Figure 1: EU-Japan-UK trilateral relationship

This trilateral trade and investment relationship is the product of Japanese and UK firms’ engagement in Global Value Chains (GVCs) and supply chains in Europe. For Japanese business, this trilateral relationship is particularly important. As widely known, since the 1980s, Japanese firms have established a business model in Europe of using the UK as a hub for business in Europe or a gateway to the EU market. The precondition of this business model was that the UK is an EU member state. In other words, free movement of goods, services, people and capital as a part of the EU Customs Union and the Single Market were taken as granted.

The end of frictionless trade between the EU and the UK after the Post-Brexit transition period directly impacts the current Japanese business model. According to a survey, the top concern of Japanese companies doing business in the UK and the EU is the EU-UK future relationship. Notably, border frictions created by new border controls and customs procedures; tariff rates; and ending the free movement of people are listed as the factors that impact most heavily on Japanese business in Europe, especially manufacturers. Given that these factors threaten their day-to-day business, their interests in the Japan-UK FTA are overshadowed.[3] Of course, British firms also have far more at stake in the EU-UK FTA than the Japan-UK FTA and ration their attention accordingly.

The second underlying challenge is to strike a balance between “continuity” and “ambition”. The Japanese government expressed the necessity to complete the bilateral negotiations by the end of July, in order to fit the outcome into its domestic legislative process. This means a negotiation timeframe is less than two months since the negotiation has launched on 9th June. Even though the negotiation is based on the EU-Japan EPA, the negotiating timeframe is unprecedentedly short.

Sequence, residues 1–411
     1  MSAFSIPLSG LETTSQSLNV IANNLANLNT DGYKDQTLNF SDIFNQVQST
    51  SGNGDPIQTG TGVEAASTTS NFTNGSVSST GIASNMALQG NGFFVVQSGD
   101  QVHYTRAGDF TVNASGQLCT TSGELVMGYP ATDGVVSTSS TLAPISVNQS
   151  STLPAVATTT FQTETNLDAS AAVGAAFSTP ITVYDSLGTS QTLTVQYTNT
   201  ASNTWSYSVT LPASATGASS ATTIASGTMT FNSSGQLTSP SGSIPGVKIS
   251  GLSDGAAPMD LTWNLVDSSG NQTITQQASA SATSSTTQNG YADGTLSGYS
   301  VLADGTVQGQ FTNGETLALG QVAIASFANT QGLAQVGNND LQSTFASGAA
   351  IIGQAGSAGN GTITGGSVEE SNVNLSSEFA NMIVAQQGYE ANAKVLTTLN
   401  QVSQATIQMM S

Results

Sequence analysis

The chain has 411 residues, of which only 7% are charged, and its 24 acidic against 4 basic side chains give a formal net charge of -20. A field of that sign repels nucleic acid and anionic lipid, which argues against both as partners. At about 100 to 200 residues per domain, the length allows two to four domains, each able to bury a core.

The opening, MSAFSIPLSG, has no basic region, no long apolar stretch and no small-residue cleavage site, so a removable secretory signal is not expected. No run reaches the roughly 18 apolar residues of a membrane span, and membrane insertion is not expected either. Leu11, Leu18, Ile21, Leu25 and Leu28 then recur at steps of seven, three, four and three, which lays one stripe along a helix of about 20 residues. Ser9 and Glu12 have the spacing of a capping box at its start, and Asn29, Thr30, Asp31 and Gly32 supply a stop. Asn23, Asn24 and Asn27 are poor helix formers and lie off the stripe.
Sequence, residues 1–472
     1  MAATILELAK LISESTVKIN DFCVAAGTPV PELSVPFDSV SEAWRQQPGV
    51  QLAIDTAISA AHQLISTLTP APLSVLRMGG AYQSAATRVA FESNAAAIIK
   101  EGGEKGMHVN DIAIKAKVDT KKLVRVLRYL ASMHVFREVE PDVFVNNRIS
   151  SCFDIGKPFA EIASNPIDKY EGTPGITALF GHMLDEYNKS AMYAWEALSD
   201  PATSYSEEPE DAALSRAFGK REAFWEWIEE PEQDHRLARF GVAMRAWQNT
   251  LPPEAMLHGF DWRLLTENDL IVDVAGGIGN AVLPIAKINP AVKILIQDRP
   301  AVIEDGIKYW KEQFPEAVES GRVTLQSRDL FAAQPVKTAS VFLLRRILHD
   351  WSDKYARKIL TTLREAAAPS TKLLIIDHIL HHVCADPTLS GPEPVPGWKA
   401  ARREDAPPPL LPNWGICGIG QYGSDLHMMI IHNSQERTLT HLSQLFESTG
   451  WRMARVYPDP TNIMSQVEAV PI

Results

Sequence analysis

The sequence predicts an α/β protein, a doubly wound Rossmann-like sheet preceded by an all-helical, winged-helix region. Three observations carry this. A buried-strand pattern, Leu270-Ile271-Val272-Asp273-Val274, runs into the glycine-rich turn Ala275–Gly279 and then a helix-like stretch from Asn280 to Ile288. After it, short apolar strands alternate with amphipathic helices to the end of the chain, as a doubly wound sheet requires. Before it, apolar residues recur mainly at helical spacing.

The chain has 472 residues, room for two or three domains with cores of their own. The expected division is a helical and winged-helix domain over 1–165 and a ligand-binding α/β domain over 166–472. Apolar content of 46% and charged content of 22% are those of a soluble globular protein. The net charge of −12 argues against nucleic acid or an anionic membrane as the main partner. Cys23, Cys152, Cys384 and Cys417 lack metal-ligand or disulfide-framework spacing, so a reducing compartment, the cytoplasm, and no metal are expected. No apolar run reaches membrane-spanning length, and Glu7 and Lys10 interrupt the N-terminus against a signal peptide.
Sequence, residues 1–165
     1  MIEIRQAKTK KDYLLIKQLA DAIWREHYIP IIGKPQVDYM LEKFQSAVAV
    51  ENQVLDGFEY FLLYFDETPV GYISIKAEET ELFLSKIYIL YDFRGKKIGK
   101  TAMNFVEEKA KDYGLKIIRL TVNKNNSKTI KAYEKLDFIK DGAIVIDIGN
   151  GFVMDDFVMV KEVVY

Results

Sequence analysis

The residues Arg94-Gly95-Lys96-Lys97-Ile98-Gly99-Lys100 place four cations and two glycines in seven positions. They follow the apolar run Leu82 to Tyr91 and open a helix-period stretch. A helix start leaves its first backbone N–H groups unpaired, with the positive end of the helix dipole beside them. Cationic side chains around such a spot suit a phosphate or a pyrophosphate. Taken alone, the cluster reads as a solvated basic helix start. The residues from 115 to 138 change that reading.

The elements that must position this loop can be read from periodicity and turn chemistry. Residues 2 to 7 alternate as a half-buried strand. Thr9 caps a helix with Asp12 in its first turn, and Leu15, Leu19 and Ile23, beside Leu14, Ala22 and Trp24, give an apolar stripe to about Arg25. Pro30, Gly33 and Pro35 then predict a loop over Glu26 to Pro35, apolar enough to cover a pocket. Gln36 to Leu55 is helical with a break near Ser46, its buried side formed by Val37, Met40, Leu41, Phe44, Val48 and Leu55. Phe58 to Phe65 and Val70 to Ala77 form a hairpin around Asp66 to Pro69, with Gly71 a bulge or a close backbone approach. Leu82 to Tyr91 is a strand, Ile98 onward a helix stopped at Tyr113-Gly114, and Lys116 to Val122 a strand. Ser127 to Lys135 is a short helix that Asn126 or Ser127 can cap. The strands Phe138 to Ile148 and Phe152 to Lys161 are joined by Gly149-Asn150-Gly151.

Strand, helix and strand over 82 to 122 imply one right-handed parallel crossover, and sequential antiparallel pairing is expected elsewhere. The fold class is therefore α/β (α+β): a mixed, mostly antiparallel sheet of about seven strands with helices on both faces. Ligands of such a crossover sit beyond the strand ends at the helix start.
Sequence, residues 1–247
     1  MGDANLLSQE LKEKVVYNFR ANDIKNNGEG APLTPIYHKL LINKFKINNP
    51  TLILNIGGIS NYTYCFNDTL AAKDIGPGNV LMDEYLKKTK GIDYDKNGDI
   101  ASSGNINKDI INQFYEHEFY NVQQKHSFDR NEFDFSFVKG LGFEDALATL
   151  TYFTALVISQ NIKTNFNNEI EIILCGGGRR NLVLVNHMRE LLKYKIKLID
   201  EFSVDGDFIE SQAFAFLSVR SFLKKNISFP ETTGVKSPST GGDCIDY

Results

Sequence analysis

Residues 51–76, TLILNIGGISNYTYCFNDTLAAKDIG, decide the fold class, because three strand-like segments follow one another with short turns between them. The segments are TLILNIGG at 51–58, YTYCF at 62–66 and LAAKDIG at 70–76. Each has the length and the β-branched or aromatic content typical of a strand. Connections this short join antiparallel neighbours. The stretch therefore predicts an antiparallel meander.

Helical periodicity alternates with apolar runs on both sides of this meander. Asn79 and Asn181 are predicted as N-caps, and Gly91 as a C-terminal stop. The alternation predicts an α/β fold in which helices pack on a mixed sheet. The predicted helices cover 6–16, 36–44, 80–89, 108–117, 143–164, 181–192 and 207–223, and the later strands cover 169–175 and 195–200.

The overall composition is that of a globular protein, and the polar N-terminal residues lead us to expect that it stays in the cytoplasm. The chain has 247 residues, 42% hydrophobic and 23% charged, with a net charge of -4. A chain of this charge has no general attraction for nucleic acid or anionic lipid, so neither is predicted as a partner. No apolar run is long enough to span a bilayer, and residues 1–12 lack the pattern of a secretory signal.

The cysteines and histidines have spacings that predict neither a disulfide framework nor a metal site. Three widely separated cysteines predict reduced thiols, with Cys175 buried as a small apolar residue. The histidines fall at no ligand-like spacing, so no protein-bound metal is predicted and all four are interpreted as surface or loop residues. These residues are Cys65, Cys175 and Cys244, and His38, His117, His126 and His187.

Both governments are currently negotiating a deal that prioritises “continuity” because high-level political pressures for achieving “continuity” are mounting. The UK government has recently conceded that a UK-US FTA will not be concluded before the US Presidential election this autumn despite the strong desire to make it a central in the “Global Britain” agenda. [4] Accordingly, striking a trade deal with Japan, the world’s third-largest economy, is expected to be the first major FTA deal for Post-Brexit Britain. For the Japanese government, there is strong pressure from Japanese business to achieve a smooth policy transition from the EU-Japan EPA to the Japan-UK FTA on 1st January 2021 in order to avoid business destructions.

On the other hand, Japan is wishing to pursue an “ambitious” FTA with the UK. It was Japan that rejected rolling over the EU-Japan EPA. There were two reasons for Japan’s rejection.[5] One reason is that Japan wanted to achieve a higher level of liberalisation and rule-making in the areas where Japan could not reflect its interests when it negotiated the EPA with the EU. This unfinished business for Japan includes immediate elimination of auto tariffs; an innovative chapter on digital economy; and a comprehensive investment chapter encompassing liberalisation, protection and dispute settlement. The second reason was the domestic legislative procedure. Even though Japan had concluded a “continuity agreement” with the UK which completely replicated the EU-Japan EPA, the Agreement was regarded as a new FTA. This means that it requires a formal approval procedure to pass the Diet (Parliament) of Japan, which is always time-consuming and not a straight-forward process. Once the continuity agreement is approved, it would become almost impossible to renegotiate.